I finally got the rollers for my letterpress machine yesterday, so I tried printing something.
I had ordered all the other supplies I needed, including:
- A crapload of blank coasters (1000)
- A giraffe printer’s block
I already had the ink from my purchase of the machine. The machine itself is from 1941, and the ink was from the same company, in a tube. I’m not sure the ink is from 1941, but if it is, it’s held up really well!
I also bought a bunch of other stuff that ended up helping me a lot when troubleshooting. Luckily, I read a lot of posts on briar press and was eventually able to get a decent looking impression on my coasters.
At first, the ink was getting onto the block, like behind the giraffe’s neck. This meant that the ink rollers were pushing up too hard against the printing surface. I had to adjust the pressure by putting some electrician’s tape on the chase bed. Three layers of tape made the rollers touch the printing surface just right, while not getting on other stuff.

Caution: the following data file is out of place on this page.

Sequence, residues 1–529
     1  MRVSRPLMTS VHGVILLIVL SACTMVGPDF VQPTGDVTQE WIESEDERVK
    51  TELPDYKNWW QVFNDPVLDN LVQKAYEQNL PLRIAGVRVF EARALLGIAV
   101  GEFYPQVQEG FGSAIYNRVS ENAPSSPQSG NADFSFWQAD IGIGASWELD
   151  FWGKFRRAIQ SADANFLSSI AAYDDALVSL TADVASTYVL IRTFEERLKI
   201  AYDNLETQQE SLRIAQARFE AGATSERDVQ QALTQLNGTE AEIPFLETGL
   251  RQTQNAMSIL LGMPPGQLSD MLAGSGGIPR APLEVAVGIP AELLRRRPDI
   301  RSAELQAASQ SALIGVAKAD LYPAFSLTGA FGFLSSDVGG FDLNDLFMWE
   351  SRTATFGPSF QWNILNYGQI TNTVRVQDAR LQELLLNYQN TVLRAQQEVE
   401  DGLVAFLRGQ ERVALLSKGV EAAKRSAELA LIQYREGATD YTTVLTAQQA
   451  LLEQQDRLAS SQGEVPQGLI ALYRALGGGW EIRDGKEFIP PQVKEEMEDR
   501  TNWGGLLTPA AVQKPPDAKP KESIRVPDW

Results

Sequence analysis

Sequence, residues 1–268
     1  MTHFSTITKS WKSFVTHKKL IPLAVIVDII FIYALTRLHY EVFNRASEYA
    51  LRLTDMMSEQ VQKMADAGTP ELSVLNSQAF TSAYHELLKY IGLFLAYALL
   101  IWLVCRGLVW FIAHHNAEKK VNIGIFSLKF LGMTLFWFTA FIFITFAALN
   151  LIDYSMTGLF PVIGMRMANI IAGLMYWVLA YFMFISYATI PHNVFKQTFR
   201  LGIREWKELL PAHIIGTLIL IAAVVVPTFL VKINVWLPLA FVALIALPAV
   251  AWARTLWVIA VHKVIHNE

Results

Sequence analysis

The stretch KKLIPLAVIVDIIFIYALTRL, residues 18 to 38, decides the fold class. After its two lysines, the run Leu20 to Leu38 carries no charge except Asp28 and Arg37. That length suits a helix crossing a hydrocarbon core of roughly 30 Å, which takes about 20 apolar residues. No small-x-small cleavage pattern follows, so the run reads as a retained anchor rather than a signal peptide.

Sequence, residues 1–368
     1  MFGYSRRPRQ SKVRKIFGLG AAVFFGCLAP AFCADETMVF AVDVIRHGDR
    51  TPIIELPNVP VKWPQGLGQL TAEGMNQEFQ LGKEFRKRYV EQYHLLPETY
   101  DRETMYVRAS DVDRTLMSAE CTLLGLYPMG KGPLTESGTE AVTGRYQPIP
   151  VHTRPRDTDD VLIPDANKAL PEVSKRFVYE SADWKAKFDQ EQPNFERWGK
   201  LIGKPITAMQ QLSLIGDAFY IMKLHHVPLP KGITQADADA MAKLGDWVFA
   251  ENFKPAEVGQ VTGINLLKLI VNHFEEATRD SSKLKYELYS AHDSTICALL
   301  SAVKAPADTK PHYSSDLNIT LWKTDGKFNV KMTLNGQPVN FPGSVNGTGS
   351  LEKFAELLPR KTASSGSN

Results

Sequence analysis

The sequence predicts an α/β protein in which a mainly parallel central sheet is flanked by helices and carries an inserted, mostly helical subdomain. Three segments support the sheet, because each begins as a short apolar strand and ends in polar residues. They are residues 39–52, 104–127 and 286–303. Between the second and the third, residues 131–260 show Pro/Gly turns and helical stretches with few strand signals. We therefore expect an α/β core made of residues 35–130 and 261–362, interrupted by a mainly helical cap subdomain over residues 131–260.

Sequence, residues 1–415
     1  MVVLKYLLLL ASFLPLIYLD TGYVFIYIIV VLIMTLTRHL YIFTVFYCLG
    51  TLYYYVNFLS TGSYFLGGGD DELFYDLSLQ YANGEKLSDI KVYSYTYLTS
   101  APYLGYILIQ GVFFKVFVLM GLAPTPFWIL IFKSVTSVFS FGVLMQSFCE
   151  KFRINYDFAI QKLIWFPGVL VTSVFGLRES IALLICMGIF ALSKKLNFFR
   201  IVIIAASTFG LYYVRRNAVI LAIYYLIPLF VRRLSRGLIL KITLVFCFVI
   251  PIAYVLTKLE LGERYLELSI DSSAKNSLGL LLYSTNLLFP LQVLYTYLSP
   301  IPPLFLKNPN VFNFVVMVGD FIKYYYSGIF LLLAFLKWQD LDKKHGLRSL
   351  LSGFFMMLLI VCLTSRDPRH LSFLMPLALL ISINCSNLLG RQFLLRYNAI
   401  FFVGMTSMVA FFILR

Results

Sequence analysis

The impression itself was also a little too deep at first. You could see the part of the block that pressed into the coaster (which at this point didn’t have ink). So I adjusted the pressure of the platen (the part that runs into the printing surface) with a screwdriver. After getting a few crazy impressions, I started getting the hang of the adjustments. I got quite a few good looking coasters. Here’s a video of the machine in action:
I’ll be experimenting with letterpress stuff some more once I get different colored inks and more printing blocks. I’d also like to get a printing base so I can make my own photopolymer plates (printed from normal Illustrator files). Those cost quite a bit though, so I’d like to see what my press can do before blowing a lot of cash on it. I also put the coasters I made on sale at Etsy, so take a look at my giraffe letterpress coasters and buy ‘em before someone else does!